The foreign banker at the webinar expressed the view that if the omnibus Bill is approved and there are other improvements in regulation, Indonesia "could be in a really good position to ramp up growth in the next three to five years".

The view is shared by the majority in the webinar. The 58 participants were polled on whether Indonesia was in a good position to compete with other Asean countries in attracting FDI. Surprisingly, 19 per cent said "definitely" while 59 per cent said "we're getting there".

But relative to Vietnam, Indonesia hasn't got there, and it's important that the country eventually does. Post-Covid-19, competition for FDI will intensify while there might be less of it to go around, says HSBC's chief Asean economist Joseph Incalcaterra. In this situation, he asserts, it is "more important than ever to see an acceleration in reform" in Indonesia.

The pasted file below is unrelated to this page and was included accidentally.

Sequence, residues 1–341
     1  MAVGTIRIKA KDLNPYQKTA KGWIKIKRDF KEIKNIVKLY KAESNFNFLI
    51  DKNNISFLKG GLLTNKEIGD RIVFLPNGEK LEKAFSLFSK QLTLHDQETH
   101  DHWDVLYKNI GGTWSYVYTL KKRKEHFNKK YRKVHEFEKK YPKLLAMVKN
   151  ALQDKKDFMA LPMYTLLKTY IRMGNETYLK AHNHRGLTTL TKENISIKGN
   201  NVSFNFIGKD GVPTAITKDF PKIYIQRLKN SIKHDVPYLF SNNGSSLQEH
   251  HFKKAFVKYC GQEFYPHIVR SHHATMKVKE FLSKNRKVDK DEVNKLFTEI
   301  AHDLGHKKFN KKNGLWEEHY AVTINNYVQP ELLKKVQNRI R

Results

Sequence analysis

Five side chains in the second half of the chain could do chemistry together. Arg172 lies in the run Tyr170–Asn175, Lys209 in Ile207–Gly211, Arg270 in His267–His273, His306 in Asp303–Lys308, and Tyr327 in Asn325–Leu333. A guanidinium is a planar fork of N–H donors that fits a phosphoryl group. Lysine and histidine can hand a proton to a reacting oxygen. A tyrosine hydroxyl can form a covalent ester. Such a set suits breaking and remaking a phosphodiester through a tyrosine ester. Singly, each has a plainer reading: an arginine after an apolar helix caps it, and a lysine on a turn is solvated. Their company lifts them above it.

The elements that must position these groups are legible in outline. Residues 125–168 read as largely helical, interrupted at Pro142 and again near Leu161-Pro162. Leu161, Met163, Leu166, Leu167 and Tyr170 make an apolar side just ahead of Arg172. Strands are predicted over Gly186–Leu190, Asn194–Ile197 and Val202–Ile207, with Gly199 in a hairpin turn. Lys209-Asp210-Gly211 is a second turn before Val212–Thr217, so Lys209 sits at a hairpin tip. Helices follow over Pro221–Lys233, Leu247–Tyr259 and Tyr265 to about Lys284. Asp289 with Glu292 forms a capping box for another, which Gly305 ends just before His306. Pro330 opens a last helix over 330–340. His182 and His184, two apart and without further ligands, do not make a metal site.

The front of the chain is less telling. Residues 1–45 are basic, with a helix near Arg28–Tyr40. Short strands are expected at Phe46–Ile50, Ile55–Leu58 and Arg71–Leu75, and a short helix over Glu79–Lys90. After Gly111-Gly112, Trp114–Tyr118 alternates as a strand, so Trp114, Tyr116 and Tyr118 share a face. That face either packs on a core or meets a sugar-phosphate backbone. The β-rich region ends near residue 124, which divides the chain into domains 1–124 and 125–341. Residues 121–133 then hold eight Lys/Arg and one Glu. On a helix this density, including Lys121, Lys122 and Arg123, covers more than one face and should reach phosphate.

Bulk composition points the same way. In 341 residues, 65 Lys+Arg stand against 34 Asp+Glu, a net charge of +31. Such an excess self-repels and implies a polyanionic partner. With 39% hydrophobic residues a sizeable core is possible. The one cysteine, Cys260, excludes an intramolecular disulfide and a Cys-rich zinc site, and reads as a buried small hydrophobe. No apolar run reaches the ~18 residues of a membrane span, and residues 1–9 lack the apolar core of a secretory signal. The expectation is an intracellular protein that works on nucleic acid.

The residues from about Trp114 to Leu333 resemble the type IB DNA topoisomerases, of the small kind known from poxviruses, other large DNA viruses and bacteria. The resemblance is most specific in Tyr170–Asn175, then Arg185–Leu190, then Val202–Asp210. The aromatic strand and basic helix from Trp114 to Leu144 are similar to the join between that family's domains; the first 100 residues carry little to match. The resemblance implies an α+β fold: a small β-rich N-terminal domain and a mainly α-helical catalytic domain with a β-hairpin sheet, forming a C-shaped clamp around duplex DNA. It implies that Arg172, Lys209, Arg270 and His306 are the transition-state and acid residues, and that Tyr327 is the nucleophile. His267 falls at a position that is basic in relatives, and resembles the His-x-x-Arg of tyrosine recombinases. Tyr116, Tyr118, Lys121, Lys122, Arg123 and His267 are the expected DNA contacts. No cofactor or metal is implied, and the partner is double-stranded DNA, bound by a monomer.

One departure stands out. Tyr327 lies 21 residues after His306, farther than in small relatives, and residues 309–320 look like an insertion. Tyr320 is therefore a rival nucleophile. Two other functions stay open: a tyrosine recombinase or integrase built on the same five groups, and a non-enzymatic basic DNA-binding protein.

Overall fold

• Richard Borsuk was the Wall Street Journal's Indonesia correspondent from 1987 to 1998. He is co-author, with Nancy Chng, of Liem Sioe Liong's Salim Group: The Business Pillar Of Suharto's Indonesia and is, at present, with business consultancy Researching Southeast Asia.

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A version of this article appeared in the print edition of The Straits Times on May 29, 2020, with the headline Why regulatory obesity is a menace to Indonesia's economic health. Subscribe